After the rain comes sun in Porto

Travel

It’s definitely high time to re-visit the city of Oporto, or o Porto in Portuguese (and hence the English name, I guess). My Lusofonetica project has been running for over 2 years now (can’t believe it flies so fast!) and I simply can’t believe that I haven’t found time to share my impressions about this beautiful place.

I’ve first visited it in 2007 during my Inter Rail trip around Europe combined with taking two weeks off in the Beira Alta region to sample a live of a volunteer-archeologist in the tiny and extremely hot village of Coriscada which I guess this deserves a separate post itself. I traveled to Porto via very spectacular train ride alongside the Douro Valley which I’d recommend everyone to take. Since then I paid three more visits in Porto, but unfortunately they were mostly related to connecting flights so literally ‘flying visits’.

During these short stays I managed to soak only a sample of the city’s atmosphere and indeed, to feel the glorious difference between the North of Portugal and the South. Contrary to the famously changing weather, I always got a very warm welcome from the bar or restaurant owners, and I made very good experience with the people from Porto whom I’ve met all over the world.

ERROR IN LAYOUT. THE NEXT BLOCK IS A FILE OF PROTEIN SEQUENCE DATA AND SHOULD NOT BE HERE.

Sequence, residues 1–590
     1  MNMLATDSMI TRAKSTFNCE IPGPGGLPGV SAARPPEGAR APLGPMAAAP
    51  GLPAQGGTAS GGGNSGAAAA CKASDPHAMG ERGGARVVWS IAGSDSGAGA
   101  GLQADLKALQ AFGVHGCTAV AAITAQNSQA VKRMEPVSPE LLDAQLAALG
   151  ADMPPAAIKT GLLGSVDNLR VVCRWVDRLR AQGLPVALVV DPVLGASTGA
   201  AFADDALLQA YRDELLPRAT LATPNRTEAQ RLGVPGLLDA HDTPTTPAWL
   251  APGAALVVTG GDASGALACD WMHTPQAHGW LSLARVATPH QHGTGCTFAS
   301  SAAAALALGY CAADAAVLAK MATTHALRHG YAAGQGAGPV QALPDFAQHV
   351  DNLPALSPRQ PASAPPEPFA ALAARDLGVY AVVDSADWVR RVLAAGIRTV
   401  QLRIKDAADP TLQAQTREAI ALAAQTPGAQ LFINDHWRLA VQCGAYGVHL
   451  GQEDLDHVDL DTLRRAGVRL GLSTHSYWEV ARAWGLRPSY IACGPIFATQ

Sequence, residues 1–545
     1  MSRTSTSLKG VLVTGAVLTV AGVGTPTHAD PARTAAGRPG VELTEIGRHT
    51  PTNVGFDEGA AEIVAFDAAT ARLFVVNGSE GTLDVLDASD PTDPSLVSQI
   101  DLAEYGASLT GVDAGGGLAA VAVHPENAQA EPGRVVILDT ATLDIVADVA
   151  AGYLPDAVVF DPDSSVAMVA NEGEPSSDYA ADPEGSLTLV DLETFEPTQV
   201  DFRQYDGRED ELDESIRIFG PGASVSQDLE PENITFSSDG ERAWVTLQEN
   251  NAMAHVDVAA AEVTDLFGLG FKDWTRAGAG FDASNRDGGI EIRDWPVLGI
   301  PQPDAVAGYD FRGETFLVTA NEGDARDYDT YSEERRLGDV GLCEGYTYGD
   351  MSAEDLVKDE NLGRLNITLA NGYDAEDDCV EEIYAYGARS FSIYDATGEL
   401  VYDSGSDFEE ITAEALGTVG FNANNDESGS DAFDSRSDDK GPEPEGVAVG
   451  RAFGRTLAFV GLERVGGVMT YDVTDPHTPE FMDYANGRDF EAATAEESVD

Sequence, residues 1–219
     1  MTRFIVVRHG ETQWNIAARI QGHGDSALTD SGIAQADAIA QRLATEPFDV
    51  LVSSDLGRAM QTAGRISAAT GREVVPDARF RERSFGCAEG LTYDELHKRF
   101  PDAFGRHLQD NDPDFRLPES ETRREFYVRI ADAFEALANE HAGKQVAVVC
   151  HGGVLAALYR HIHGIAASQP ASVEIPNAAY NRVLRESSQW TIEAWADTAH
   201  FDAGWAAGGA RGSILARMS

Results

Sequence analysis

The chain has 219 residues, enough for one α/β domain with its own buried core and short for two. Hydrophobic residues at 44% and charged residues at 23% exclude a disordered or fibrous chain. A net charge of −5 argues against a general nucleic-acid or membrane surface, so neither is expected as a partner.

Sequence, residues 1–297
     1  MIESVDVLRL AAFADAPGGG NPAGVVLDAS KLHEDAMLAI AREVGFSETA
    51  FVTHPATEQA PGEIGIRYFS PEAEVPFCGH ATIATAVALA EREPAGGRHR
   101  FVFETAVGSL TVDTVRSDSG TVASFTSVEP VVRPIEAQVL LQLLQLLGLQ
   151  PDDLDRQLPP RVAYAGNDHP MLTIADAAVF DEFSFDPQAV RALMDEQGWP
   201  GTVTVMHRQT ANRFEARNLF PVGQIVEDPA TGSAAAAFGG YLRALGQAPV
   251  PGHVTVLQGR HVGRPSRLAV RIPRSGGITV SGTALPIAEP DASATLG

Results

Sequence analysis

So almost in one week from now I’ll be in Porto again, this time for 2 (!) days, hoping to compare my impressions from the previous stays, eat delicious francezinha, wander around the wine cellars, and potentially hit one of their clubs in search of the electronic music originated from ‘the London’ of Portugal.

Why is it so? As I mentioned, it rains here much more often than in the other parts of Portugal, and the light/style of the city somewhat reminds England. It’s also due to the historical presence of the British entrepreneurs which were involved in setting up the most famous port wine companies in this region, that the city has this vibe.  It has long history of influence by the industrial architecture (like Tour Eiffel of Paris), and been a centre for economical development of Portugal. It’s also been an important cultural centre – and a good example of it could be an impressive Casa da Música.

So I hope to come back with a fresh set of thoughts and observations, hopefully on the sunny side this time: até logo o Porto!

 

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